Aug/Sept 2013: Rainlab at Dalton School

Rainlab at Dalton School  II  Manhattan, New York  II  USA

Who needs a play pool when you can mount running water on a wall?!  In an innovative way to integrate motor skills, learning and pure play, HOGs on the roof spill water down into a maze of pipes and valves that delights all ages.

dalton waterwall

“For kids this age, it’s all about interactivity and exploration,” says Will Hopkins, the Dalton School Science Department chairman.

Year of Install: 2012

Installation Stats: The interactive rooftop science classroom at Manhattan prep school for First Program students (grades K-3) has two orange HOGs installed horizontally to capture rainwater from an adjacent roof.

HOG Skills: The stormwater moves down the wall through a series of pipes, paddles and wheels and collects in removable buckets used to water plants. When it rains, the wheels and beams move on their own, even when the tank valves are shut off. Planters, a cold frame, a compost bin, and solar panels complete the 16-foot square rooftop “RainLab.”

Where is it now? Science lessons in the rooftop classroom are an interactive experience for young students. With the water wall demonstrating stormwater capture, planters, solar panels, and wind and weather elements, the small Dalton School rooftop is a kid-friendly introduction to sustainable practices. Liz Pulver, landscape architect from Town and Garden Ltd. and designer of the Rainlab, does periodic maintenance on the structure to ensure it’s continued smooth running.

Advertisements

March/April 2013: Amsha Africa Foundation

Amsha Africa Foundation to Bring Rainwater Harvesting to Rural Kenya

Amsha Africa Foundation
Amsha is a swahili word that means “wake up”. The non-profit Amsha Africa Foundation works to raise the standard of living in rural Africa by working with registered community-based organizations.

Rainwater Harvesting in Rural Kenya
Here’s the difference something as small as one Rainwater HOG tank used to harvest rainwater  can make. Women in rural Kenya often spend as much as 3 hours a day carrying water to their homes from distant sources.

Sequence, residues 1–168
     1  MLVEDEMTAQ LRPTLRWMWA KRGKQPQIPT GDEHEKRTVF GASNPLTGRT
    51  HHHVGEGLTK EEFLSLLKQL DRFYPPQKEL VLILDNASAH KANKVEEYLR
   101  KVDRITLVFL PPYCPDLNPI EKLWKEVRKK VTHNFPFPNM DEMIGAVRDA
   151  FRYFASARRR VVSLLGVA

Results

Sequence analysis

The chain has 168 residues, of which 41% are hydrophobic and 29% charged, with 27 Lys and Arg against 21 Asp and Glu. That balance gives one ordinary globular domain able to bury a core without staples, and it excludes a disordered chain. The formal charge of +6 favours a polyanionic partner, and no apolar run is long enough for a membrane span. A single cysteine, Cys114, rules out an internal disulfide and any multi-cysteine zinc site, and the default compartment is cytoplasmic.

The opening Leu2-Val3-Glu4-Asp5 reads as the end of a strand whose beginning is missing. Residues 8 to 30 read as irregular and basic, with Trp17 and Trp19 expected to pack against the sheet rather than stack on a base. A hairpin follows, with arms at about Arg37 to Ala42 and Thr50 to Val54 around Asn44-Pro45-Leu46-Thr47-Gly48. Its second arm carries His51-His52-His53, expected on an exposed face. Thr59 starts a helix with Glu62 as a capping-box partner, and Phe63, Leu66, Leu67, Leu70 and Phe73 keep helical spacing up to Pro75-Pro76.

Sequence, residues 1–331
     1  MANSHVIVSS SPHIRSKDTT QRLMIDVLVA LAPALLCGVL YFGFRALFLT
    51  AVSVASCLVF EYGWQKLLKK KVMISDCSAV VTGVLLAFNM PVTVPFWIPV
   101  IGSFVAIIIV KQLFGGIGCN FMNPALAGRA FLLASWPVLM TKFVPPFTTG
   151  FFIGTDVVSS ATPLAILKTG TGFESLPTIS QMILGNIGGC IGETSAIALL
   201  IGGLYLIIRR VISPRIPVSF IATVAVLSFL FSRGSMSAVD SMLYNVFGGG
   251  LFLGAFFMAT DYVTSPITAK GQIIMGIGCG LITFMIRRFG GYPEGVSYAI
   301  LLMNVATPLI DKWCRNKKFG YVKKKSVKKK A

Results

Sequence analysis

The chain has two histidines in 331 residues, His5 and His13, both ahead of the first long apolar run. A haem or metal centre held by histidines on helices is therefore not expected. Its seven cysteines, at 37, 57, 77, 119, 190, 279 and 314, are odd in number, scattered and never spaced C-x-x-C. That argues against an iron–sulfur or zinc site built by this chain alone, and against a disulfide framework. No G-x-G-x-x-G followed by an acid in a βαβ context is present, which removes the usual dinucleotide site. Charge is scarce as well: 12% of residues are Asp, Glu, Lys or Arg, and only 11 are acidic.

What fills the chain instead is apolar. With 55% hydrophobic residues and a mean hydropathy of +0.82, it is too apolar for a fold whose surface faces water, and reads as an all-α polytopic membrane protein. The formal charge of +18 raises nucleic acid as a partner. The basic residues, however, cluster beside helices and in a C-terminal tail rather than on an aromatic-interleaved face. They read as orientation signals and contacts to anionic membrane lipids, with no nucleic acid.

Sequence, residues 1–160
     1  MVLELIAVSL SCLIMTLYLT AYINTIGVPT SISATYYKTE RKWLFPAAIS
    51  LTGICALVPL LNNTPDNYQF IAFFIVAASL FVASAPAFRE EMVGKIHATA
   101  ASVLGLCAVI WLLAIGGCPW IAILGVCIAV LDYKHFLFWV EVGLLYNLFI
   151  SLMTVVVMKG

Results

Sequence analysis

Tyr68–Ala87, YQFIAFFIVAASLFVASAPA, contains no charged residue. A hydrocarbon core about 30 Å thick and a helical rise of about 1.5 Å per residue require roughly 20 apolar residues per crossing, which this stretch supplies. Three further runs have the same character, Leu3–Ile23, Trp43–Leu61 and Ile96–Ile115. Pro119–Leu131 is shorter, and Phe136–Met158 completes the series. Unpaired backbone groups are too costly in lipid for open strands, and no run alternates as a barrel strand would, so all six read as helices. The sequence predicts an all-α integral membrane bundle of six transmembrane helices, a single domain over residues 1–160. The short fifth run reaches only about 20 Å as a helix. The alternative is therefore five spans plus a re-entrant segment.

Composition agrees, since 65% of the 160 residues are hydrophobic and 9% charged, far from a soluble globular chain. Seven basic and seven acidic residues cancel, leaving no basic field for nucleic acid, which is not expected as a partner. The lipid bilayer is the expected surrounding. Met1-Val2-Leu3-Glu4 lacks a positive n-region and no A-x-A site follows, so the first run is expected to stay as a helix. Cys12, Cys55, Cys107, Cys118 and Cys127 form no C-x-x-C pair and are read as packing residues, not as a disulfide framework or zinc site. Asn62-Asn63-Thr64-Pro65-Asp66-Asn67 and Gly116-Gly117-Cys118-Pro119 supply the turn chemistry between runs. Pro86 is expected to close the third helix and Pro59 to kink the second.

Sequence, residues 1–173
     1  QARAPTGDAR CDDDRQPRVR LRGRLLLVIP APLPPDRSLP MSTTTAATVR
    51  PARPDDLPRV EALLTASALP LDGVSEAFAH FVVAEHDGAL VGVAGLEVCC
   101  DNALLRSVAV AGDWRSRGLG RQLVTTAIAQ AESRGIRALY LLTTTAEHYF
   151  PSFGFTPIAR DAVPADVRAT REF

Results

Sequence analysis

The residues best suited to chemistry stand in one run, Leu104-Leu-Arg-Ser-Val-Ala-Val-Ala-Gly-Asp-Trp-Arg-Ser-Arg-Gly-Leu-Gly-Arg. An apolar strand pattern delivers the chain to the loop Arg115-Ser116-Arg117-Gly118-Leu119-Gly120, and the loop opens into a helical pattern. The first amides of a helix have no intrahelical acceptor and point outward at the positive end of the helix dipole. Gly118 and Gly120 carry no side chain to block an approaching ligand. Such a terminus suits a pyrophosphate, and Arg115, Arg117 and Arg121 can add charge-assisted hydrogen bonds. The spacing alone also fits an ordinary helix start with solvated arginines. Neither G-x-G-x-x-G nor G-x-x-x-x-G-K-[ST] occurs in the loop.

Chibanga two women carrying waterIf a woman can carry 5 gallons of water per day, then one Rainwater HOG storage tank can hold water that would have taken her over 10 days to carry.

If she spends 3 hours per day carrying this water, a storage tank near the home can save her 30 hours of water transport over 10 days. This results in 1,080 more hours a year to do other tasks, such as entrepreneurial activities, daily cooking, cleaning, child care, and schoolwork.

If she spends even half of those 1,080 hours on work that earns even $0.50 per hour of income, this extra time can result in over $250 of income for this woman and her family.

The Amsha Africa Foundation is currently fundraising to purchase and install 130 Rainwater HOG tanks for communities in the semi-arid regions of rural Kenya where one of the most significant issues, with a wide-ranging set of repercussions, is access to clean water.

Some common problems include:

No access to safe water: Residents depend on frequently interrupted central water supply systems from the government.
No adequate waste water management resulting in polluted ground water.
Lack of safe sanitation.

Amsha Africa founder Tony Abuta, a native Kenyan, lives and works in the U.S.A. It was a combination of his childhood experiences and return visits to Africa and other developing countries that inspired him to found Amsha. The organization aims to use common-sense, site-specific solutions to help lift people out of poverty with dignity.

One hundred thirty Rainwater HOGs tanks would make over 6,760 gallons of water available to rural communities in Kenya. Here’s how you can help.

February 2013: Rocky River Green Home

Rocky River Green Home Leads by Design

When it comes to homes, Beverly Maloney- Fischback, CEO, founder and publisher of Organic Spa Magazine, believes in “good bones” and green renovation.

Rocky River Green Home

A four-HOG modular system harvests the rain at the Rocky River Green Home.

She is incorporating the values of the leading American eco-lifestyle magazine that she helms into her Rocky River Green Home (RRGH) renovation. The home will be the first green energy-efficient home in the neighborhood, and the first renovated green home in the Rocky River region, located outside of Cleveland, Ohio.

She touts the benefits of rainwater harvesting in a recent RRGH blog update. Her new home will use four Rainwater HOG tanks, which will capture rainwater year-round to the tune of 1,200 gallons annually, for landscape irrigation.

Why did Bev choose HOG tanks?
• ease of installation
• space conserved with a vertical installation
• ready expansion potential of the HOG modular system

Not to mention that HOG plays well with others! Unused grey water from the home’s Brac Grey Water tank system will be fed into the HOGs for lawn and garden irrigation.

Solar heating joins rainwater harvesting and grey water recycle in an energy efficiency triple-threat at the RRGH. And, Beverly notes, she and her husband made sure to incorporate “a dose of spa wisdom and wellness into their design” with the second floor yoga room with sunset and lake views, and an “organic spa” themed master bath.

This CEO knows the power of leading by example. She explains, “What we are most proud of is that we will be an example on how to incorporate green building into an existing home and how to further the mission of a healthy and balanced lifestyle.”

Owners of the Glencoe Green Home, profiled in August 2012, can relate.